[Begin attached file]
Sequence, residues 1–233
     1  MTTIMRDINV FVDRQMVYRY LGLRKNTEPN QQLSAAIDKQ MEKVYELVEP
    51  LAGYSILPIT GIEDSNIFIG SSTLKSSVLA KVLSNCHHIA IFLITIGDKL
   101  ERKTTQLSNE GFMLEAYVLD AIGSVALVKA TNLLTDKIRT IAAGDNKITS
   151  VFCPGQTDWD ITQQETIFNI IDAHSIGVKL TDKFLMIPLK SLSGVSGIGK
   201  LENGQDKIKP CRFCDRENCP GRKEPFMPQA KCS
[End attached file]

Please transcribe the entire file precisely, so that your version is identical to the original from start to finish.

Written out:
Sequence, residues 1–233
     1  MTTIMRDINV FVDRQMVYRY LGLRKNTEPN QQLSAAIDKQ MEKVYELVEP
    51  LAGYSILPIT GIEDSNIFIG SSTLKSSVLA KVLSNCHHIA IFLITIGDKL
   101  ERKTTQLSNE GFMLEAYVLD AIGSVALVKA TNLLTDKIRT IAAGDNKITS
   151  VFCPGQTDWD ITQQETIFNI IDAHSIGVKL TDKFLMIPLK SLSGVSGIGK
   201  LENGQDKIKP CRFCDRENCP GRKEPFMPQA KCS